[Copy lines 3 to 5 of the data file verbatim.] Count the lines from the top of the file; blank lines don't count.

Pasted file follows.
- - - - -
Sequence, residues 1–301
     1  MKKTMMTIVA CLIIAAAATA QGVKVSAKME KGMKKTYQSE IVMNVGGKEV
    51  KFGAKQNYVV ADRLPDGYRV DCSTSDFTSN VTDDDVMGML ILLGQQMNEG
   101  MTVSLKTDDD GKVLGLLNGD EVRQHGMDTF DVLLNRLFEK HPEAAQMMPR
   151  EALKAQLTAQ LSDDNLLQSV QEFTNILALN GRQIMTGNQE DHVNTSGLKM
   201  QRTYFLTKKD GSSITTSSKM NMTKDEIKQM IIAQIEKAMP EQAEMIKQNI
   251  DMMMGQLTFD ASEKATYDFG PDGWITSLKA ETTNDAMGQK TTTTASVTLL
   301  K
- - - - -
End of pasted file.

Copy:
    51  KFGAKQNYVV ADRLPDGYRV DCSTSDFTSN VTDDDVMGML ILLGQQMNEG
   101  MTVSLKTDDD GKVLGLLNGD EVRQHGMDTF DVLLNRLFEK HPEAAQMMPR
   151  EALKAQLTAQ LSDDNLLQSV QEFTNILALN GRQIMTGNQE DHVNTSGLKM